The report stated that asking people with Covid-19 to self-isolate is vital to keep the pandemic under control as lockdown measures ease, yet only 52 per cent of people who have symptoms isolate. Resolution Foundation chief economist Mike Brewer said: “The UK’s failure to financially support workers who need to self-isolate has severely hampered efforts to curb the spread of the virus.”

A living wage

Providing this support is easily affordable. Research commissioned by the TUC from the Fabian Society and published in Statutory Sick Pay: Options for reform on 24 June 2021 calculated the cost of raising SSP to the equivalent of the real Living Wage for employers without an occupational sick pay scheme would be around £110 per employee per year – or just over £2 a week.

“Nobody should have to choose between going into work if they’re sick or should be self-isolating, or doing the right thing by staying home, but facing hardship as a result,” TUC leader Frances O’Grady said.

“The cost of fixing the UK’s broken sick pay system is small compared to other public health measures like test and trace. Ministers must urgently make every worker eligible for statutory sick pay. And it should be worth at least as much as the real Living Wage.”

Selected sources

Louise E Smith and others. Adherence to the test, trace, and isolate system in the UK: results from 37 nationally representative surveys. BMJ 2021; 372 doi: https://doi.org/10.1136/bmj.n608. Published 31 March 2021.
Hao-Yuan Cheng, Ted Cohen and Hsien-Ho Lin. Test, trace, and isolate in the UK, BMJ 2021; 372 doi: https://doi.org/10.1136/bmj.n822. Published 31 March 2021.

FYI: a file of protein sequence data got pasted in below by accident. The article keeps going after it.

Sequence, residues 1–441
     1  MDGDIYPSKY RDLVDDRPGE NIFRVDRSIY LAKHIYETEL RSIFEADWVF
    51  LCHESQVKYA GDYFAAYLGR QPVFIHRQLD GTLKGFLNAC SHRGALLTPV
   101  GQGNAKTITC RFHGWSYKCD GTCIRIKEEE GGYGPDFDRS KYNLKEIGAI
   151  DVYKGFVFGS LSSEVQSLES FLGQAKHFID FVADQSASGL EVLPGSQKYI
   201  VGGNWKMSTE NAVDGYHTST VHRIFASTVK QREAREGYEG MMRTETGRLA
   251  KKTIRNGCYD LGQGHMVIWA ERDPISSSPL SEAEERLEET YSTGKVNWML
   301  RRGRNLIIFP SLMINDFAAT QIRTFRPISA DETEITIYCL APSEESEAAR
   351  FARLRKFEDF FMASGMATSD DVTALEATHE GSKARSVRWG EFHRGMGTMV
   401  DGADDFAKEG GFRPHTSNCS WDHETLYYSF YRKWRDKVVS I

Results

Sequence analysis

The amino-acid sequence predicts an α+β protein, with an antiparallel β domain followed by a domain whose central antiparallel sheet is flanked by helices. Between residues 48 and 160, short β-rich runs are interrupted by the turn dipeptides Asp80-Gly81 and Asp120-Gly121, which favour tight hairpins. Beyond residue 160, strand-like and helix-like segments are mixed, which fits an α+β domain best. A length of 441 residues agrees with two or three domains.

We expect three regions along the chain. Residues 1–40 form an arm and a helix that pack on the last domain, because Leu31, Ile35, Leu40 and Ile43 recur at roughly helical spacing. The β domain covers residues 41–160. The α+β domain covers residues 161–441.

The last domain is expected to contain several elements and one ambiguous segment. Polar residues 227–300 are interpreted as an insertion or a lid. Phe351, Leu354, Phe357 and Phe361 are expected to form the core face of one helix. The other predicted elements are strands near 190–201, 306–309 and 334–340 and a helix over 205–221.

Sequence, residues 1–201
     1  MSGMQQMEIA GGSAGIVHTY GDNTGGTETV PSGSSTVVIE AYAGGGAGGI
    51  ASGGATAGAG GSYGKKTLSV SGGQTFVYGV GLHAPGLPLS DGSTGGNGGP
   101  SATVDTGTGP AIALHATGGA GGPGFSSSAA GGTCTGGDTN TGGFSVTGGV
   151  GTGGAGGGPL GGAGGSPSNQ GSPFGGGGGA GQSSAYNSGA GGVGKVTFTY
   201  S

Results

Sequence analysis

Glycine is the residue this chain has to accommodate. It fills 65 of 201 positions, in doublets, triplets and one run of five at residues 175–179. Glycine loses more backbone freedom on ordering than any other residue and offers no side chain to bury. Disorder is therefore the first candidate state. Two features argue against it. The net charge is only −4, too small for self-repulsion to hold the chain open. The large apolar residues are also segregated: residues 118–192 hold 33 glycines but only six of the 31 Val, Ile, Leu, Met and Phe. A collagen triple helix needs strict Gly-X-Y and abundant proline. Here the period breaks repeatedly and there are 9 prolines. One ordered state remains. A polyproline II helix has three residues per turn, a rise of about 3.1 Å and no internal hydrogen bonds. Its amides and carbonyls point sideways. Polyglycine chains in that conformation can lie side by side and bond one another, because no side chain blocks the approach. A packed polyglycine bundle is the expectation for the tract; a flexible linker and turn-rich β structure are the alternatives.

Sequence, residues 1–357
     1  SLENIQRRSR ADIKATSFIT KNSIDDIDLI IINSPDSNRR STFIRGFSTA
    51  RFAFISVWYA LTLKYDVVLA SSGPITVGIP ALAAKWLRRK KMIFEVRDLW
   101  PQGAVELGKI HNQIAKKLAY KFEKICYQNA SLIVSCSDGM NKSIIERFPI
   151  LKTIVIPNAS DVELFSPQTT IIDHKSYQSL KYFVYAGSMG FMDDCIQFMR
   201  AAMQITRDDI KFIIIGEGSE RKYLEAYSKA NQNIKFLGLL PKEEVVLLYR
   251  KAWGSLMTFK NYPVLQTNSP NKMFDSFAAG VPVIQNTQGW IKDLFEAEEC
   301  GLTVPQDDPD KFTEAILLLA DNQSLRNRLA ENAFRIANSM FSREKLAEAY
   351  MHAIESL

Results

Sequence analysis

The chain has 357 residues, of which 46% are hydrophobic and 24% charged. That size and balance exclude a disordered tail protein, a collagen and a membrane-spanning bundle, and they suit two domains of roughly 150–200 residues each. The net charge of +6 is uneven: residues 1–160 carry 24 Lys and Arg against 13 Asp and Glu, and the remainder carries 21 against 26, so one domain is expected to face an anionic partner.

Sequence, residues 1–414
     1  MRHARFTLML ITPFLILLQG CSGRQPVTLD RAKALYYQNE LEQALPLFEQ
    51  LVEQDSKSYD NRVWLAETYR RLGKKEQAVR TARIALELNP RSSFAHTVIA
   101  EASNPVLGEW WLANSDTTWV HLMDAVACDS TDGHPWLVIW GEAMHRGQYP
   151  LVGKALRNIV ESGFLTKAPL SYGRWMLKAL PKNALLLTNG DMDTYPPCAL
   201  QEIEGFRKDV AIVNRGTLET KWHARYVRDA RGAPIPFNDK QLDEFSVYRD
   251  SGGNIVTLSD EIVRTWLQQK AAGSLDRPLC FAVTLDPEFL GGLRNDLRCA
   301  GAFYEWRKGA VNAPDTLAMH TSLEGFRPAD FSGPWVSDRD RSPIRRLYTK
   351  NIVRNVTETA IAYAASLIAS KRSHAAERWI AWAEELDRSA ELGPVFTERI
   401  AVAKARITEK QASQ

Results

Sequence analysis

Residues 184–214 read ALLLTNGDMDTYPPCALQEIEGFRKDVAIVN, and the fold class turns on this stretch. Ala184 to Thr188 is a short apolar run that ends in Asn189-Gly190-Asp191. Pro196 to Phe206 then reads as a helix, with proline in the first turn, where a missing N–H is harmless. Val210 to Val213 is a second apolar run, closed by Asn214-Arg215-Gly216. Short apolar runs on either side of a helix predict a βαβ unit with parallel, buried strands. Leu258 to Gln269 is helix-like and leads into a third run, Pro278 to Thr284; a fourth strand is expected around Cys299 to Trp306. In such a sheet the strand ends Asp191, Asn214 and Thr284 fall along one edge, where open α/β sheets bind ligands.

Stephen Reicher, John Drury and Susan Michie. Contrasting figures on adherence to self-isolation show that support is even more important than ever, BMJ commentary, 5 April 2021.
Tackling Covid-19: A case for better financial support to self-isolate, Sarah Reed, William Palmer, Mike Brewer and Maja Gustafsson, Nuffield Trust/Resolution Foundation, May 2021.
Statutory Sick Pay: Options for reform, Fabian Society, 2021.

TUC slams ‘failing’ self-isolation scheme

The majority of applications to the UK government’s self-isolation payments scheme are still being turned down, despite increased government funding for the scheme, research for the TUC has found.

This June 2021 analysis is based on freedom of information (FOI) data collected by the TUC from 94 councils across England. The FOIs shows that since the government announced additional funding for the scheme at the end of February, 64 per cent of applications have been rejected, while just 36 per cent of applicants received the one-off £500 grant to help them self-isolate.

TUC polling, conducted by BritainThinks, revealed that just 1 in 5 (21 per cent) working people are aware of the self-isolation payment scheme. The TUC branded it a “failing scheme that few people have heard of”. 

It points out the scheme is even less known among those who would need it:

For those who work outside the home, just 19 per cent are aware of the scheme;
Just 16 per cent of those who say they do not receive SSP are aware of the scheme; and
Only 16 per cent of those earning £15,000 a year or less are aware of the scheme.

TUC general secretary Frances O’Grady said: “The self-isolation payment scheme is failing. And it has been crystal clear since the start of the pandemic that the UK’s measly statutory sick pay isn't enough to live on.”

The TUC said these findings demonstrate the urgent need to raise statutory sick pay to the level of the real Living Wage of £330 a week and extend it to all workers. This will stop workers suffering hardship when required to self-isolate.

O’Grady said: “The combination of new variants, reopened indoor hospitality and increasing numbers returning to their workplace could once again brutally expose the lack of financial support available for those needing to self-isolate. Enough is enough. Ministers must urgently raise statutory sick pay to at least the real Living Wage. And they must ensure that everyone has access to it.”

The UK currently has one of the lowest rates of sick pay in Europe and nearly two million workers do not earn enough to qualify for it – most of them women.